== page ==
Outside the Royal Academy, a long, rain-drenched queue is waiting to see the latest David Hockney exhibition; inside, it is often hard to see the paintings for the throngs of mostly elderly and well-heeled folk who crowd appreciatively before them. Why has this artist exerted such a hold on the English imagination? Praise for Hockney regularly uses the sycophantic language generally reserved for the royals and other national treasures. For Grey Gowrie, Thatcher’s Minister for the Arts, Hockney is not only the conqueror of abstraction, but ‘happens also to be well-read, musical, eloquent and Britain’s snappiest dresser’.
While he remains best known for his Pop-era figure painting, the Royal Academy offers a very large exhibition of Hockney’s recent landscapes, interspersed with a few older pieces, some videos and iPad sketches. The works—like Hockney’s earlier experiments with photo-collage—are arranged in grids. Displayed without gaps between the component parts, they form single, museum-scale paintings; with gaps, they appear as series of landscapes made at a uniform size. The style fluctuates between Post-Impressionism and Fauvism, and contains their faux-naive rapidity of touch, tension between pattern and depth, and childlike distortions of perspective. All this was new a hundred years ago and, for more hidebound audiences, it still serves as a signpost of modernity. The subjects are fields, trees and roads, the treatment of which oscillates between a depiction of the eternal cycle of nature (the passing seasons) and gentle signs of industry (the fields are farmed in monocultures, trees are felled for logging, and sometimes there are old terraced houses or a traditional red phone box).
For those accustomed to the metaphorical gloom of much artists’ video, Hockney’s video work—also presented as a grid, an array of overlapping frames from eight cameras—comes as a cheery riposte. The sets are confected in bright primary colours, amid which decorative actors cavort. As in the paintings, colours are intensified to near painful effect. The soundtrack of a dance piece even carries its own applause—hardly needed, since the Royal Academy audience is already sufficiently enchanted. The videos and the iPad sketches are a reminder of Hockney’s long career of technical experimentation, in which his essentially retrograde style and subject-matter are purveyed through cutting-edge photographic and computer technology. The combination gives a clue to Hockney’s success: he offers not so much a conservative vision of the old, but rather a mix of old and new, in which the new is yoked to the service of the old. Technology, like landscape painting, is treated lightly, with a small boy’s wonder and enthusiasm, and bent to an affable vision with occasional gestures towards profundity. So Hockney, like the tv personality Stephen Fry—another national treasure who combines technophilia with avuncular comfort—offers a way of seeing the modern world that is conservative but without rancour or mourning for Britain’s industrial past; instead, overflowing with light, colour and optimism.
There are some serpents in the garden. In the Spectator, Niru Ratnam pointed to Hockney’s considerable talent for publicising himself and his works, suggesting that there was little substance behind the hype. Similarly, the Evening Standard’s Brian Sewell saw the show as an engine for drawing money from the Royal Academy crowds with an over-inflated display of discordant painting. The integrity that a conservative vision needs to convince comes into contradiction with Hockney’s publicity apparatus. There is so much work on offer in the exhibition, and of such vast scale, that this—along with the Hockney mugs, bags, pencils, books, tea-trays and necklaces in the Academy gift shop—inevitably brings the viewer to reflect on the Hockney industry.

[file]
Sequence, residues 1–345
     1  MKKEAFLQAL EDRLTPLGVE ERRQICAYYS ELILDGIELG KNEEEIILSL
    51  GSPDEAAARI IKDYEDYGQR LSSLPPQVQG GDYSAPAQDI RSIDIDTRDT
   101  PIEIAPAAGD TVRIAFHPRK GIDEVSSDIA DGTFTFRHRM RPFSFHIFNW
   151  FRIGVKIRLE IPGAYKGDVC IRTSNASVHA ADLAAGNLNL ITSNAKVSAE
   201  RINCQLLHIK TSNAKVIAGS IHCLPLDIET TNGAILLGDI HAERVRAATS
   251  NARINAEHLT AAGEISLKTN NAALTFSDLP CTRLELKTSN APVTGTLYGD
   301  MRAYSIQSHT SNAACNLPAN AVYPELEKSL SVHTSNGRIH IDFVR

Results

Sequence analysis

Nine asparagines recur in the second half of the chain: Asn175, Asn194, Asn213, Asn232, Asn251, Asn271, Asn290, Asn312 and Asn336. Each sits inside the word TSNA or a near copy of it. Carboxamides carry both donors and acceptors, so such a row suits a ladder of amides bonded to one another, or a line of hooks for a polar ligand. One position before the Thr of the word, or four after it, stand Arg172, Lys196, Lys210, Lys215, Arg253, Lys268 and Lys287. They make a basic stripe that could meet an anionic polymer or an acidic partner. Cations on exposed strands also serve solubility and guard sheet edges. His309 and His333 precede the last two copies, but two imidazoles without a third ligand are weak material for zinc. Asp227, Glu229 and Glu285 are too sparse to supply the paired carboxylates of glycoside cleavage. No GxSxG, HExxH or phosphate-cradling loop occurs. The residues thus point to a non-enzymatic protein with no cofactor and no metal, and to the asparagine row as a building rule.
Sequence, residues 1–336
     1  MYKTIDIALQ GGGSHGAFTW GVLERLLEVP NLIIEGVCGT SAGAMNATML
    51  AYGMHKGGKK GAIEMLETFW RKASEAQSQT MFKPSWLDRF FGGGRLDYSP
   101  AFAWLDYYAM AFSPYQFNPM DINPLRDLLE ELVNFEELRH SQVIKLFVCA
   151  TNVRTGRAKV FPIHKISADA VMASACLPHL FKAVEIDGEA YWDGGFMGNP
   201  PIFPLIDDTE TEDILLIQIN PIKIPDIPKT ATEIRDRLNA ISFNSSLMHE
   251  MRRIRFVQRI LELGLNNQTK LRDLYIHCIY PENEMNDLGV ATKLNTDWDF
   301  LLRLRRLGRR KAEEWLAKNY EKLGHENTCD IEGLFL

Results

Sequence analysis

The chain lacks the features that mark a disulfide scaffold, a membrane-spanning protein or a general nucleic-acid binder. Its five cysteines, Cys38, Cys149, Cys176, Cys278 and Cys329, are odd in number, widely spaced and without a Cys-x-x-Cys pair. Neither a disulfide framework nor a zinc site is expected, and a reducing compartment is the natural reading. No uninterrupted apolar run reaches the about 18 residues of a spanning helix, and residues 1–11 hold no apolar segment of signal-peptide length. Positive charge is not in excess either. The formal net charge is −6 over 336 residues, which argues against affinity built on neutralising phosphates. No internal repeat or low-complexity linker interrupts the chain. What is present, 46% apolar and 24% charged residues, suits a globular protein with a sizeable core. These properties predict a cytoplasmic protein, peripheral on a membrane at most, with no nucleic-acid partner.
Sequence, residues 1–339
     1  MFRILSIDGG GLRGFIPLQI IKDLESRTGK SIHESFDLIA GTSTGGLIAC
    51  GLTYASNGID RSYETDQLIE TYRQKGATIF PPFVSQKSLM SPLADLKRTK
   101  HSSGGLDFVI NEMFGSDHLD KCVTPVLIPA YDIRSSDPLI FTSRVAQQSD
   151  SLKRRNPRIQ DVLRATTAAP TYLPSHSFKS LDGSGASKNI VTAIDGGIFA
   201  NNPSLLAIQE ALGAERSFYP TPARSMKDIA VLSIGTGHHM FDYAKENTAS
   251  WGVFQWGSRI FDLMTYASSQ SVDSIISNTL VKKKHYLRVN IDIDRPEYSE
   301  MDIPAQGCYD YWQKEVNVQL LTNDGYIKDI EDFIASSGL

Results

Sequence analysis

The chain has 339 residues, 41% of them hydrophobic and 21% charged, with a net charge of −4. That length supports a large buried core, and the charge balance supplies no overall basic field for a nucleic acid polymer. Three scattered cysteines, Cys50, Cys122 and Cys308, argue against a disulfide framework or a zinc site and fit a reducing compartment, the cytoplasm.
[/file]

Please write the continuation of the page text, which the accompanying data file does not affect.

In the paintings, dead industry sometimes leavens the conservative rural vision. An old mill building may be a pleasant relic of a bygone age when people ‘knew their place’, and even a welcome reminder of the passing of an organized industrial working class. The grids—and wasn’t it, says the cultural conservative, with grids that all the trouble started?—are another matter: pried from landscape and nature and returned to industry. It is as if the grids are infected by the lineage of conceptual art with its critique of creativity, and its bored, alienated artists mechanically churning out standardized products day after day.
Reviews of the Academy show have been mixed. Some critics have contrasted the relative subtlety of Hockney’s earlier American work with the blaring colours and crude handling of his latest products; the Telegraph’s Alasdair Sooke complained that the recent works resemble those of ‘amateur Sunday painters’. The credibility of the Hockney industry seems to be faltering. Did it, in any case, have much hold beyond England, where a middle class held to aristocratic values for so long, dreaming of being country gentlemen, living amidst regulated nature? Modern life produces, predictably and regularly, cultures of nostalgia, romantic visions of traditional life and exercises in primitivism. Many urban dwellers still decorate their apartments with rural landscapes, just as they did at the time of the Impressionists. Yet a newly globalized cosmopolitan class has left that vision of the old, good life behind as its plausibility faded in the light of their experience. As for Hockney’s landscapes, reduced and flattened by reproduction, they make quite pretty pictures to have on a bag or a tea-towel, and that, perhaps, is enough.